Ask a Librarian: Summertime in Elizabethan England

Q: I know about Queen Elizabeth I’s summer progresses, but how did ordinary people spend their summers in Shakespeare’s time? A: For most Elizabethans, summer presented little opportunity for a vacation from regular work routines. There were still farms to tend, boots to cobble, and chickens to pluck. But all was not drudgery. Hearthside amusements such… Continue Reading »


“An elegant collection of enigmas”

“You have not the Book of Riddles about you, have you?” So Slender asks Simple in Shakespeare’s The Merry Wives of Windsor. Riddles have been around since ancient times, and are present in many cultures: from Babylonian and Sanksrit texts, to Norse and Anglo-Saxon kennings, to Yoruba and Bantu oral traditions. As early as the sixteenth century, riddles… Continue Reading »


The Elizabethan Garden: 11 plants Shakespeare would have known well

The text for this blog post is adapted from an article in the Summer 2009 issue of Folger Magazine. Shakespeare, who grew up in a riverside country town and was the grandchild of prosperous farmers, refers with familiarity to an extraordinary number of plants (including many weeds), often using their folkloric names and alluding to their popular uses. What might be… Continue Reading »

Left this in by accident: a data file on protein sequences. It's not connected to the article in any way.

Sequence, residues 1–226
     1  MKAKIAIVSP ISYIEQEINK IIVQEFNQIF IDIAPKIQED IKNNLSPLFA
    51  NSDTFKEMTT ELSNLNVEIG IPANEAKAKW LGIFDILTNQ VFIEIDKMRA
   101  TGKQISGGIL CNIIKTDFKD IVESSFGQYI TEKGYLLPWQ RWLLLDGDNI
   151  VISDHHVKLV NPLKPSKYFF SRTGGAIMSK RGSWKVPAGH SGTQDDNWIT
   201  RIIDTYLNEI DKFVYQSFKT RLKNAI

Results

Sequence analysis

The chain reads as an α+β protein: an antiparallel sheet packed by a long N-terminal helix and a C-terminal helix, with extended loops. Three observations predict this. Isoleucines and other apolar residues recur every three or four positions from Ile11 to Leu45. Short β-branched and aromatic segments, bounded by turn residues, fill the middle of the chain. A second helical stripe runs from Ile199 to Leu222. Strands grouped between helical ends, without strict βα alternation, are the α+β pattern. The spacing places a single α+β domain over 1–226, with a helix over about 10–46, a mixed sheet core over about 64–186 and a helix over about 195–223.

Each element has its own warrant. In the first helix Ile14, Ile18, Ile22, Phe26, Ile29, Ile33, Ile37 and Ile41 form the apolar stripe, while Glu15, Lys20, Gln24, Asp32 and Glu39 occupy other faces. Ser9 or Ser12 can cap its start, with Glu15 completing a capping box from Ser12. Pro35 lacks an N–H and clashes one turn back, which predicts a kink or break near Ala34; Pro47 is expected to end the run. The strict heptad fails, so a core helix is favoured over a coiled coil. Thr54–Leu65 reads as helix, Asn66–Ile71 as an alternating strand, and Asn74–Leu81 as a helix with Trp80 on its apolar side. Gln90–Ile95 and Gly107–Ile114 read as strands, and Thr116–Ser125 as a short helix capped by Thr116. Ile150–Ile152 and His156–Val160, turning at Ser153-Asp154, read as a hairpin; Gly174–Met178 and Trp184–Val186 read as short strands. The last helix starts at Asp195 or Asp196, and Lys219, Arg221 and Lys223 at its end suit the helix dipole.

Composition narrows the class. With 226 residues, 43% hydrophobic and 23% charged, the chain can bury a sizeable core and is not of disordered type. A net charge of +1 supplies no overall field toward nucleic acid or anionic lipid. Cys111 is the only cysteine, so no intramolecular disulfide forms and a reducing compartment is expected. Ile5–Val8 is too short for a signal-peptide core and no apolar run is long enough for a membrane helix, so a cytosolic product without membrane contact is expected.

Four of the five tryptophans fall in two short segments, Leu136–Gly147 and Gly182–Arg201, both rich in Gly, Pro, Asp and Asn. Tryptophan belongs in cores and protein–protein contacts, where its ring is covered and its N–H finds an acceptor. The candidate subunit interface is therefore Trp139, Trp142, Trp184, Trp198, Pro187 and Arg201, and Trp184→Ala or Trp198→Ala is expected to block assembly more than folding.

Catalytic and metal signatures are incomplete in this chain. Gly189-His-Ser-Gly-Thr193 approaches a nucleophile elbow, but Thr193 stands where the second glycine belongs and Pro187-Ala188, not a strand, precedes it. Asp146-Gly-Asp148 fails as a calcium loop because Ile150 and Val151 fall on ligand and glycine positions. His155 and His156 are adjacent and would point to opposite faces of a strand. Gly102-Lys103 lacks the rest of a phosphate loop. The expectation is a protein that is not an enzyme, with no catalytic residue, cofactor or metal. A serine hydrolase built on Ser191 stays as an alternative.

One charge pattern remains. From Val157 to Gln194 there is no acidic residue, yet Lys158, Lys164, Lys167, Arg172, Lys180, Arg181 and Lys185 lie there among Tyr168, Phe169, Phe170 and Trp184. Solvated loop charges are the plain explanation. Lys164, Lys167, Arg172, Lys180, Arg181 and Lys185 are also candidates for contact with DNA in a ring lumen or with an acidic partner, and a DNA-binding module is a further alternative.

The perfect Shakespeare-inspired cocktails for summer: Juliet’s Emoji-to and Caliban’s Wrong Island Iced Tea from ‘Shakespeare, Not Stirred’

Mix your own drinks with recipes inspired by Shakespeare characters! Two professors combined their love of cocktails with their love of Shakespeare to create Shakespeare, Not Stirred: Cocktails for Your Everyday Dramas, a collection of recipes with names like “Kate’s Shrew-driver” and “Othello’s Green-eyed Monster”. And they playfully illustrated it with images from the Folger… Continue Reading »


War and America’s Shakespeare

“Extremity is the trier of spirits/ Common chances common men will bear.” Quoting from Shakespeare’s Coriolanus, Abigail Adams praised the courage of the militiamen at the Battle of Bunker Hill in a letter to her husband, John Adams, in 1775. From the Revolutionary War to the Iraq War, Americans have engaged with William Shakespeare and his plays… Continue Reading »


How Queen Elizabeth I spent her summer vacation

You thought you had packing woes—imagine trying to cram a whole palace-full of goods into carts for a summer-long jaunt through the English countryside! Yet this is just what Queen Elizabeth I’s staff did almost two dozen times during her 44-year reign, as she and her court took to the highways for her seasonal progresses…. Continue Reading »


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